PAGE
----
The Kiwi Lifestyle

The Kiwi Lifestyle
New Zealanders are known as 'Kiwis' after the famous flightless birds endemic to the islands and now an endangered species. The human 'Kiwis' are very proud of their country and its spectacular natural scenery, made famous in the 'Lord of the Rings' and Hobbit movies filmed on South Island.

Standards of living here are high, and it's an easy and enjoyable place to live, particularly for migrants from the UK as there's a great deal of Britishness in the culture due to the huge number of immigrants from the UK who arrived to populate the islands between the 1840s colonial period up to the mid-20th century. Kiwi culture is a mix of Maori and English elements, particularly in the country's arts and gastronomy.

The spectacular 'great outdoors' is where the majority of activities take place, with sports of all kinds a popular way to let off steam. Rugby plays a strong part in the national identity and draws the biggest crowds, having earned its place in the 60s as number one in the 'Rugby, Racing and Beer' culture. The country is world famous for its adventure sports and mountaineering, with much recreation time taken up with there and gentler versions in the same vein.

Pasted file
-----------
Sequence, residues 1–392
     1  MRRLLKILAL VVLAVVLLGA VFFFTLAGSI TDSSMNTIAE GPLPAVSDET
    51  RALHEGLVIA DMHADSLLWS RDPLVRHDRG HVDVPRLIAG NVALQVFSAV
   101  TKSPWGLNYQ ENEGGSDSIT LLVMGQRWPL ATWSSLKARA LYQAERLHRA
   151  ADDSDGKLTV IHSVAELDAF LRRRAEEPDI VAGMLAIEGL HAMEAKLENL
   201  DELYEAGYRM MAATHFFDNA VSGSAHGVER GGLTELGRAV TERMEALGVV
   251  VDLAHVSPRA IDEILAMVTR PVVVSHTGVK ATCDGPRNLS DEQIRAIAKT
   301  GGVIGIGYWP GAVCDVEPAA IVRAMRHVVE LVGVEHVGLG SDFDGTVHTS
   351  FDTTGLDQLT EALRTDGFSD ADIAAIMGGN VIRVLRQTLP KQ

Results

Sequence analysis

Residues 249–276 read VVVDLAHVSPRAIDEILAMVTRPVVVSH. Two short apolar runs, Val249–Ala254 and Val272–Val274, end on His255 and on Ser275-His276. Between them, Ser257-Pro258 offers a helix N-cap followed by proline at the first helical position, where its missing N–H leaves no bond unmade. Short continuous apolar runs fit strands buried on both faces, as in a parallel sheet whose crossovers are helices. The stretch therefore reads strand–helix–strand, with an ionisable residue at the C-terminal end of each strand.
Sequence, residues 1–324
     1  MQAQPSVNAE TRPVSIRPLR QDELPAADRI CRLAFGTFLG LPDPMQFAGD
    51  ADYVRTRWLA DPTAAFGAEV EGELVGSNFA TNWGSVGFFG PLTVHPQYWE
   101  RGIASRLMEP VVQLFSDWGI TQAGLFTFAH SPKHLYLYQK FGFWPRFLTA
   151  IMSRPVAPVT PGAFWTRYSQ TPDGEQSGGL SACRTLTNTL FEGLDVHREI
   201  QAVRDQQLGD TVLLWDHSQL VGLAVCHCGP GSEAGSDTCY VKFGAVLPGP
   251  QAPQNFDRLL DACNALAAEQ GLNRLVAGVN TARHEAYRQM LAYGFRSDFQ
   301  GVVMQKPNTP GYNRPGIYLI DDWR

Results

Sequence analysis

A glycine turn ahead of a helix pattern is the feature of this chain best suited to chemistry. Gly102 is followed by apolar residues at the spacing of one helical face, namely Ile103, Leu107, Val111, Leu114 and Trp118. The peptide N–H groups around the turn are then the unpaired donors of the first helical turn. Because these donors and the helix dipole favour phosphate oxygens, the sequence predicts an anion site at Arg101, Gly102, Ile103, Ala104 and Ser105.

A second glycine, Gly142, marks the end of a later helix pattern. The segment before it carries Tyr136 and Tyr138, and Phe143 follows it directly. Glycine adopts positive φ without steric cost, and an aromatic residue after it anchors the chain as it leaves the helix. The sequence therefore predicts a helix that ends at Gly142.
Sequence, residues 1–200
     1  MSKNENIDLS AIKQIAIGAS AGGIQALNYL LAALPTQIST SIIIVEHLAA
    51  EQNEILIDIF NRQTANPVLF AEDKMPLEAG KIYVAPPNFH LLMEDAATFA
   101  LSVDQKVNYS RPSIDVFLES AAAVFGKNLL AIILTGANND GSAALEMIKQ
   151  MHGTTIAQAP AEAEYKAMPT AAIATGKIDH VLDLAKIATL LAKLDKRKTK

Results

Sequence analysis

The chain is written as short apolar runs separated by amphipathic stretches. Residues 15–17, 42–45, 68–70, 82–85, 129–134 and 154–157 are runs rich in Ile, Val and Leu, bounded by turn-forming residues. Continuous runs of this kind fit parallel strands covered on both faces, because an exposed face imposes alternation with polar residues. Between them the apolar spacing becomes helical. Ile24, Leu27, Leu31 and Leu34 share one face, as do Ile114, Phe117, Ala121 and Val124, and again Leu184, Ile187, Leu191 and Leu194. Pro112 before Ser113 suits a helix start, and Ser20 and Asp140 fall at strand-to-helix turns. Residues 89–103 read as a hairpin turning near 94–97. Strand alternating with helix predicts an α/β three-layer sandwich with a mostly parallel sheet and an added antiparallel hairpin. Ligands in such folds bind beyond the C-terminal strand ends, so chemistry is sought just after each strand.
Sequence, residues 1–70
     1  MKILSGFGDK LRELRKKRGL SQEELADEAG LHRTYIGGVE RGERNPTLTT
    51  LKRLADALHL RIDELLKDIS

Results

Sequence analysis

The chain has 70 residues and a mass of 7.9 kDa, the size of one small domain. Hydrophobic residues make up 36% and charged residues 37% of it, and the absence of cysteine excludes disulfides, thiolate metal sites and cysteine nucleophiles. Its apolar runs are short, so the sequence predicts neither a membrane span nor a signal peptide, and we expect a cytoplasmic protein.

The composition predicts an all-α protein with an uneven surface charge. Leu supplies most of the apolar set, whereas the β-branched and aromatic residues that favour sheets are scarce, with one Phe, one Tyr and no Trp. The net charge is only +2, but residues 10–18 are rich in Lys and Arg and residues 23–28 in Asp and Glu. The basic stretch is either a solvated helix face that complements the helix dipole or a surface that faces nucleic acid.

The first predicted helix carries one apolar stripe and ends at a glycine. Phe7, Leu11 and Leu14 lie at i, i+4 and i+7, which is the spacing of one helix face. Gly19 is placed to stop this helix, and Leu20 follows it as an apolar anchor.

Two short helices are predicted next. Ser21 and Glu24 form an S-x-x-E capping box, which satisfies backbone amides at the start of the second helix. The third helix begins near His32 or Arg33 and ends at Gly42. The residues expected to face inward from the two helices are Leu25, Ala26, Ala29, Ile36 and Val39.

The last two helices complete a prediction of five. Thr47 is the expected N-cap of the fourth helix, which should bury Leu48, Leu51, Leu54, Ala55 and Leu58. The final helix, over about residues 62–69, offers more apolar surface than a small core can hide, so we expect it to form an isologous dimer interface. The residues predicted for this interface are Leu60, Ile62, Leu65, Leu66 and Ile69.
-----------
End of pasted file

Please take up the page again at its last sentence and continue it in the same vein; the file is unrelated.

To a large extent, the lifestyle is more traditional, even in the 21st century, than in present-day Britain, the original country of origin of the majority of new Zealanders. The evening meal is the time for families to gather together, with the gastronomy of the islands still British cuisine-based, using products from the country's extensive agricultural regions.

Life in the cities is mostly laid-back, based on work and play as in most modern conurbations, with sophisticated facilities in the dining and clubbing sector and plenty of entertainment options. One of the best aspects of the country is that, given the land area and the 4.4 million inhabitants, it's not crowded!

The proportion of church-goers is much higher than in the UK nowadays, with the church and its associated activities being the social centre for many small towns and villages. Migrants living outside the major towns will find commuting far easier than in most other first-world countries, giving more time for leisure activities.

The café society and diverse cultural events in the cities are international in ambience and standards, and shopping in Auckland as well as in the capital Wellington is also international. Wherever you choose to settle you'll be no more than an hour's car journey from the ocean and around four hours or less from a magnificent snowfield in the central mountains.